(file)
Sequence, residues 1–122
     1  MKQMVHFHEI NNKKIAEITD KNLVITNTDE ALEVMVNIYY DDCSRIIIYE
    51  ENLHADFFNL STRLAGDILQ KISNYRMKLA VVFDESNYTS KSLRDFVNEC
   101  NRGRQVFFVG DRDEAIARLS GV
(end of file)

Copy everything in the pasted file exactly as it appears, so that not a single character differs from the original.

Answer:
Sequence, residues 1–122
     1  MKQMVHFHEI NNKKIAEITD KNLVITNTDE ALEVMVNIYY DDCSRIIIYE
    51  ENLHADFFNL STRLAGDILQ KISNYRMKLA VVFDESNYTS KSLRDFVNEC
   101  NRGRQVFFVG DRDEAIARLS GV